How come Leopold Arthur Louis died so young, is he related to Lord Louis Mounbatten who died in 1979?
Lord Leopold Mountbatten (1889-1922)
Leopold Arthur Louis, Princess Beatrice's second son and third child, was born on May 21, 1889, at Windsor Castle. Leopold inherited from her mother the haemophilia gene, so he was a weak child. Since he was a young boy he manifested a special talent for music and he learnt to play the violin. When his grandmother, Queen Victoria, was dying, he played the violin, and his playing had a soothing effect on the Queen. At the outbreak of World War I, Leopold changed his German title of Battenberg for the more British Mountbatten. and he entered as a lieutenant to the King's Royal Rifle Corps, but his haemophilia only allowed him to receive a staff appointment and nothing more. He never married and on April 23, 1922 he had to be subjected to an emergency surgery, after which he died because of his haemophilia. He was about to be 33 years old.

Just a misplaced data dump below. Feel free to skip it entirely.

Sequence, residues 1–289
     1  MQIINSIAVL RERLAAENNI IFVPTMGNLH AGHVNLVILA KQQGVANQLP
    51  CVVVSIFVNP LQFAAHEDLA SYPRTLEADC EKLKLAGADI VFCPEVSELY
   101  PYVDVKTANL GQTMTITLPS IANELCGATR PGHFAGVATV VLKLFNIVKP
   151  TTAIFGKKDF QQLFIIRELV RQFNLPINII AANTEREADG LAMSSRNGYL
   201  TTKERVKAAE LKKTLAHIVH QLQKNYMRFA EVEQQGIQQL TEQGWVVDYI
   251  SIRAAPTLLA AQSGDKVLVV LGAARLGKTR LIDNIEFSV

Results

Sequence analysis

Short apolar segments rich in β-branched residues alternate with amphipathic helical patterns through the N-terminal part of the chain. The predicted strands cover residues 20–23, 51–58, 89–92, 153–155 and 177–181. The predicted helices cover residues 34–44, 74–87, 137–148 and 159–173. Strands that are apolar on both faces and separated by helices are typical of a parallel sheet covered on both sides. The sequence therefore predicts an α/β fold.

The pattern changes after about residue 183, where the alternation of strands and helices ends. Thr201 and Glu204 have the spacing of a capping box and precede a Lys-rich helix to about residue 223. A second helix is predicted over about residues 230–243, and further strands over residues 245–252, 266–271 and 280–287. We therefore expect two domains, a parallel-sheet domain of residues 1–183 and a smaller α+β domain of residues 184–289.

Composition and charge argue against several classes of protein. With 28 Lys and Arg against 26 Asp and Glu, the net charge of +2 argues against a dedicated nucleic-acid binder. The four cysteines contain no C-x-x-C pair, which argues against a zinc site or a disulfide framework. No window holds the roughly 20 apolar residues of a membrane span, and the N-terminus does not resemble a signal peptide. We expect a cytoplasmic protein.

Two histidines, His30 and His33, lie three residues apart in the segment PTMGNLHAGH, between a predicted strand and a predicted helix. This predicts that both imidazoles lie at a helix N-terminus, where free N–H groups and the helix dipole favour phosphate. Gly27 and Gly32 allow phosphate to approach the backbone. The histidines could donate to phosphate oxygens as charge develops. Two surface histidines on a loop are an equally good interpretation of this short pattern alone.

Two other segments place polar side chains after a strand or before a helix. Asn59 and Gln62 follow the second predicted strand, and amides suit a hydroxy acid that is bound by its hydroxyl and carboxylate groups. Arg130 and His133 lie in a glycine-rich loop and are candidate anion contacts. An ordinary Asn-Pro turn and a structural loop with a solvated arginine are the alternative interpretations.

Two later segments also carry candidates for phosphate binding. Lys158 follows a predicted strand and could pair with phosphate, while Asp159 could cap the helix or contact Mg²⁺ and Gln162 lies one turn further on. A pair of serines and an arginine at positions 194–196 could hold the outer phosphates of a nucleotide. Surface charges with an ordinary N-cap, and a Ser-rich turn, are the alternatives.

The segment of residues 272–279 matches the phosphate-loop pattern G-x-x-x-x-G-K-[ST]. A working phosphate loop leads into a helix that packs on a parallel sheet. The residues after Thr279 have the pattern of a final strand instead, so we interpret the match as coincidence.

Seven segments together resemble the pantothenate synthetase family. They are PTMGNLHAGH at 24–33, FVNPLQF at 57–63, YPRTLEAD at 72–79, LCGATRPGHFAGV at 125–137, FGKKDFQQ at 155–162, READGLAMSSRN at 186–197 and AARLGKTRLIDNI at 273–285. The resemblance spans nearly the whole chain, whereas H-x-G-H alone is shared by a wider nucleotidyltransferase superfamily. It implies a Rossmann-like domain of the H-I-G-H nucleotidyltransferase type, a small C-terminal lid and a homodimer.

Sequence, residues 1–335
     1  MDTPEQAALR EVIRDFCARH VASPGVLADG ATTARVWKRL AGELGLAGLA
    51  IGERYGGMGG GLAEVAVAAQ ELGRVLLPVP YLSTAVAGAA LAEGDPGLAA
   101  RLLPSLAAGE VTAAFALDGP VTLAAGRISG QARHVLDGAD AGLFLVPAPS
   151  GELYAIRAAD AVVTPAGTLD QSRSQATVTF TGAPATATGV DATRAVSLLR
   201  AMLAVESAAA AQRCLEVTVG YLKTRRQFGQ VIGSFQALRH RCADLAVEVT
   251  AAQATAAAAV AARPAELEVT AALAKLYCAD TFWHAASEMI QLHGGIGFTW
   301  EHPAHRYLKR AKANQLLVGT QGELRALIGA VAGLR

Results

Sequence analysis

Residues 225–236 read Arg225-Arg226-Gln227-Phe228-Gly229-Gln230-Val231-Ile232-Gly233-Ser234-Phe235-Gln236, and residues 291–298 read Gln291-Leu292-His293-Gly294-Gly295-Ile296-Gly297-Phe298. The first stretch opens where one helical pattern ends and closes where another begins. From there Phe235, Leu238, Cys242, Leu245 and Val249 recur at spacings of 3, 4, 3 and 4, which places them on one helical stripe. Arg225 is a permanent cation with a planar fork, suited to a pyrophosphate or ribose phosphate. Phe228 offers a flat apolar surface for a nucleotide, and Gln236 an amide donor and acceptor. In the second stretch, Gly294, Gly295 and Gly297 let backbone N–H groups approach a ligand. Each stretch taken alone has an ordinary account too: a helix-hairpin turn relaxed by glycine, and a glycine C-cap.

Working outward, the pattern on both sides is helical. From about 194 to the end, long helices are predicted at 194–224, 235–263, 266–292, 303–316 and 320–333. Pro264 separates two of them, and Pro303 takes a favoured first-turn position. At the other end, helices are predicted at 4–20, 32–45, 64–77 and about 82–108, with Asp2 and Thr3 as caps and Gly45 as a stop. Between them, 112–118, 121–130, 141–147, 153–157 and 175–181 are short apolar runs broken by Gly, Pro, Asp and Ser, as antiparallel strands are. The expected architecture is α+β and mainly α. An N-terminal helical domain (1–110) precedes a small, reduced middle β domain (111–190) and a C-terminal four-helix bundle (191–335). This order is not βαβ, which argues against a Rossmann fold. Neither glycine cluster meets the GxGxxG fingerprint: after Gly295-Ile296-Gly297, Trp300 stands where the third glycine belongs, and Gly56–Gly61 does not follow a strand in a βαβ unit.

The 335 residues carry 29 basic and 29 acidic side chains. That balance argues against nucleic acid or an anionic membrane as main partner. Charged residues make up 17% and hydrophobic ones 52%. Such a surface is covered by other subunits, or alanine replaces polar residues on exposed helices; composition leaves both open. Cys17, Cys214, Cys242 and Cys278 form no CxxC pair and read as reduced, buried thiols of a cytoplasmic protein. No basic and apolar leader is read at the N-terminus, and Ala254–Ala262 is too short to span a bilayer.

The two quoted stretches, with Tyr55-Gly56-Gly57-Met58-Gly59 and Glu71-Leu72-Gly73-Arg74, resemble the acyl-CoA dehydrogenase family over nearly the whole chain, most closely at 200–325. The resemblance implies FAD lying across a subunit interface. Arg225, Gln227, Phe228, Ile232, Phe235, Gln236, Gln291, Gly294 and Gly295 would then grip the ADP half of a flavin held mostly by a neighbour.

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what a lovely thread. Is there also something like this for the other daughters of Queen Victoria, I am looking for pictures/ info on Princess Louise actually.
Marengo said:
what a lovely thread. Is there also something like this for the other daughters of Queen Victoria, I am looking for pictures/ info on Princess Louise actually.

It is very hard to get information on HRH Princess Louise, Duchess of Argyll. She was quite a private person. She was Queen Victoria's sixth child.

Princess Louise was a talented artist. Her marriage to the Duke or Argyll was not a happy one but she never sought a divorce. Her husband predeceased her and she died in 1939 leaving her brother Arthur and sister Beatrice as the last living children of Queen Victoria.